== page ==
We are currently being besieged by rare June thunderstorms. Last night, Joni and I put the tarps back on, much like they do at Wrigley Field. We also packed a few bags just in case the multiple lightning flashes we saw triggered a fire. Being evacuated is a fact of life when you live in wildfire areas of California. All in all, we got an inch of rain. No fires started that I'm aware of as I type these words.
None of the bales got wet. The eaves hang over far enough to protect the straw. We covered the vulnerable places. More thunderstorms are called for today and tomorrow. An unexpected vacation for us.
The Foothills aren't quite as dry as last year, when lightning trigged hundreds of fires. The largest wildfire nearly consumed our newly moved into home (it took out four of ten homes on the ridge).
There is an ethical issue of building homes in the wilderness and fire areas. First there is the loss of habitat for our furry cousins and secondly, wildfire is an important natural component of the California ecosystem.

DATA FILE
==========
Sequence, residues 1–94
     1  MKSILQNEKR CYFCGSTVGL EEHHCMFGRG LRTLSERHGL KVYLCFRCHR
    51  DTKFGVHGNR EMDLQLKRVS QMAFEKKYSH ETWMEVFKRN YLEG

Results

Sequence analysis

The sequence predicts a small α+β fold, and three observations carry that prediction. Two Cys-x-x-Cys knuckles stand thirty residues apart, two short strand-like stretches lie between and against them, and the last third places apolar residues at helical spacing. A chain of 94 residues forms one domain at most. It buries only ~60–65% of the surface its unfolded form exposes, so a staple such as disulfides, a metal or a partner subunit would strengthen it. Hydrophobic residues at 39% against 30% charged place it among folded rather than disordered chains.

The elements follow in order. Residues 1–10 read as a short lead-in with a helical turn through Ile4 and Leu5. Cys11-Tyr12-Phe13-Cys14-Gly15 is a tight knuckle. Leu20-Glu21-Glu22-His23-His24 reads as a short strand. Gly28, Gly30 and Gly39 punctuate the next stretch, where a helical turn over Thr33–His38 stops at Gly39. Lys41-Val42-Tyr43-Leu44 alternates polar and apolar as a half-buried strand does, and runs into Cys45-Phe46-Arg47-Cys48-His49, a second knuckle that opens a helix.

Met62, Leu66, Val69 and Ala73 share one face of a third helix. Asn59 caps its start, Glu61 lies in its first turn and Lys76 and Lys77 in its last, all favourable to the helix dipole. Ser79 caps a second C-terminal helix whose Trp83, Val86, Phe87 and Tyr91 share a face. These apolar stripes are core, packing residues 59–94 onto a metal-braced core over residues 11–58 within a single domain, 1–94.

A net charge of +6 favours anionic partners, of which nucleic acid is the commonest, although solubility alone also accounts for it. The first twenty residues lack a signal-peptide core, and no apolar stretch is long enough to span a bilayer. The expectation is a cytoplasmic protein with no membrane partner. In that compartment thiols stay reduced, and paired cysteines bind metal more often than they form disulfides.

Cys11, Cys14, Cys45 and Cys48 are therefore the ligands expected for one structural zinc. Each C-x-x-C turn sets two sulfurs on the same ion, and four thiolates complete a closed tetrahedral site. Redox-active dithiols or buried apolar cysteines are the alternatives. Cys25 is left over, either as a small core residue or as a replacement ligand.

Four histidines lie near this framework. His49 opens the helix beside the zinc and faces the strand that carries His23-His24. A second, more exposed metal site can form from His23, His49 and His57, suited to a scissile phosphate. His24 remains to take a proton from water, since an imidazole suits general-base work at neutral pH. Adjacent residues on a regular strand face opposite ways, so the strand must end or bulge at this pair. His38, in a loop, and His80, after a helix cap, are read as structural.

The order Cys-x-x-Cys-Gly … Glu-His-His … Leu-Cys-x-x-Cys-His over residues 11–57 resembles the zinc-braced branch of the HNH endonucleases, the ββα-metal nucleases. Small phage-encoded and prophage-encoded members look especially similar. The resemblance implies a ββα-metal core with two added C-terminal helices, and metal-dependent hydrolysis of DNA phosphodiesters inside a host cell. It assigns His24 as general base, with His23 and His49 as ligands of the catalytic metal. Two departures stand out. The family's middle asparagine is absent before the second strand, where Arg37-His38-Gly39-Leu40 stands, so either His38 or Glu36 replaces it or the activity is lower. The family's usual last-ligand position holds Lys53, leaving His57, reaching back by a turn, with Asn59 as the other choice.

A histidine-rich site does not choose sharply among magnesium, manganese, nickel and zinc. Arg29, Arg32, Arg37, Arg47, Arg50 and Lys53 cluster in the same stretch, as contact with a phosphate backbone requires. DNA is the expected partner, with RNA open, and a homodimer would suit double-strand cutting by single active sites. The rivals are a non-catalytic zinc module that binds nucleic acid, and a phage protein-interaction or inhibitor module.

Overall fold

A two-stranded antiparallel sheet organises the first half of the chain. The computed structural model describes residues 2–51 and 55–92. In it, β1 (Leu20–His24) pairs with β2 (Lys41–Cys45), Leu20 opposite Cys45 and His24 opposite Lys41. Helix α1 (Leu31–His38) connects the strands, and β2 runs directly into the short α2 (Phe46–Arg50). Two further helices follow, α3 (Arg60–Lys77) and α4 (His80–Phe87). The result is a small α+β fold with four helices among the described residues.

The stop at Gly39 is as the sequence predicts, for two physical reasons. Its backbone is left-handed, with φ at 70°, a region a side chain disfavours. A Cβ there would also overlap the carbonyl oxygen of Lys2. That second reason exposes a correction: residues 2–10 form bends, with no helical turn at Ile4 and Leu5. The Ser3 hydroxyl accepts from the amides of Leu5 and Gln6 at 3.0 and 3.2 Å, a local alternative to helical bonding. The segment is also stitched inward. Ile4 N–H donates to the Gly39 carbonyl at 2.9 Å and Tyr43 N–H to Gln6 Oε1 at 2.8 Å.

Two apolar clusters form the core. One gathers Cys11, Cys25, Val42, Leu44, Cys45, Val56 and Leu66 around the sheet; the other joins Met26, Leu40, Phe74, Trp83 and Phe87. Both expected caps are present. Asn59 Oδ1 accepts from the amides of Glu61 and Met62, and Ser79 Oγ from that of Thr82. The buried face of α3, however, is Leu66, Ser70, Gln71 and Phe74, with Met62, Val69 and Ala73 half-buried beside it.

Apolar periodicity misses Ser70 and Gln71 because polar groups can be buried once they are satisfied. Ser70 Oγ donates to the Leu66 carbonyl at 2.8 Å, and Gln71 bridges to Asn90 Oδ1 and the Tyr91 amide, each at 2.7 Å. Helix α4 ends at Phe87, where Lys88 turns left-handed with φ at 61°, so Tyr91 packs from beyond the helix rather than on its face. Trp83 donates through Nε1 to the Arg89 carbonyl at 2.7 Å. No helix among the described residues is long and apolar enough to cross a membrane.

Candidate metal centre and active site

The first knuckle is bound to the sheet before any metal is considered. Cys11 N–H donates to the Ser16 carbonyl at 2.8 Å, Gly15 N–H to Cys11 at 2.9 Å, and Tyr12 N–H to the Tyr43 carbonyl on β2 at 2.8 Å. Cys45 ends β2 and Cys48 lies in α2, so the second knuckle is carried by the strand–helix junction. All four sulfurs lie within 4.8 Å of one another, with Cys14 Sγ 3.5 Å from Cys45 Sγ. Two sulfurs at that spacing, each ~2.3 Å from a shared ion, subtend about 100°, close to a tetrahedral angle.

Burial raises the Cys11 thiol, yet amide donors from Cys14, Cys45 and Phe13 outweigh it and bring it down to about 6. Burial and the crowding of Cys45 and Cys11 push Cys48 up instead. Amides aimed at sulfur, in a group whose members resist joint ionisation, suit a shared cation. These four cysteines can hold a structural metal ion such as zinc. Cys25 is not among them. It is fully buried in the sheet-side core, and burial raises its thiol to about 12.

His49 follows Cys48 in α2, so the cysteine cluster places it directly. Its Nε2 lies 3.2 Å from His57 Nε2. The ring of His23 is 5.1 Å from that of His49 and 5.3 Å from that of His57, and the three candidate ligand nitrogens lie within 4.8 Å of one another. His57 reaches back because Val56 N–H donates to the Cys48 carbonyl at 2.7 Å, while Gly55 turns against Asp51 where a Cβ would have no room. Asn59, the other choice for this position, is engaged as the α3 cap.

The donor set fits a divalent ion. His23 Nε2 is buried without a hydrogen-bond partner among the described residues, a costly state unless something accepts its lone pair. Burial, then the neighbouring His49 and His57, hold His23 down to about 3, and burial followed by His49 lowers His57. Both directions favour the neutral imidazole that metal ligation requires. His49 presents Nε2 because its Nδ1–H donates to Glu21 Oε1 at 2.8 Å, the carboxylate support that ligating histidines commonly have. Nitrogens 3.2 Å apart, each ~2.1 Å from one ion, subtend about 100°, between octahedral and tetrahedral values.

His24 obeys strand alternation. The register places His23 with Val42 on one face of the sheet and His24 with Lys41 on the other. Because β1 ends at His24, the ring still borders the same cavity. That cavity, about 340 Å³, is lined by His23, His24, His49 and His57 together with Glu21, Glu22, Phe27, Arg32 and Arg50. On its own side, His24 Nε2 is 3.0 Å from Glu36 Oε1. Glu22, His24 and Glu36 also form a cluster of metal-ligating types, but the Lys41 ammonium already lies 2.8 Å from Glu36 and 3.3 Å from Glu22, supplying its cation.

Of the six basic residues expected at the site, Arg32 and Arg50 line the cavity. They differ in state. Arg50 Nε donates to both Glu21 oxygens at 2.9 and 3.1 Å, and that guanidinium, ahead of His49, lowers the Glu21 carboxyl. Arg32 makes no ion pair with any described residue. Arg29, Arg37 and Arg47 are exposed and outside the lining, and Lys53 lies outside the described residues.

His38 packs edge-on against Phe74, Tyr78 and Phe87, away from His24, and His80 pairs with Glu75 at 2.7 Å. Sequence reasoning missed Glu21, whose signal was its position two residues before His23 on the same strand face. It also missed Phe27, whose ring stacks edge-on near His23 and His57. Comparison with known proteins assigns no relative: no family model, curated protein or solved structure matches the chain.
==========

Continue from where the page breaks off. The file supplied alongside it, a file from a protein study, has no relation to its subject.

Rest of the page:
Combating wildfires in California has become an expensive proposition. And a huge industry. California needs to burn at frequent intervals. To not burn means that heavy fuels develop (the underbrush) which then cause not the nice little, friendly ground fires which are beneficial; the increased fuels causes "crowning" fires which are devastating to the forest. That is what we had in our area last year.
The solution? Let fires burn.
Build structures in fire prone areas that are 1.) congruent with the forest flora and fauna (limit high fences and don't use more land than you need); 2.) are able to withstand fires (clearance of fuel around the homes and structures made of fire resistant materials --dirt and straw are fire resistant); 3.) are cheaply replaced if burned.
In my view, building with natural materials, such as we are, should be the rule in fire prone areas. Not the exception.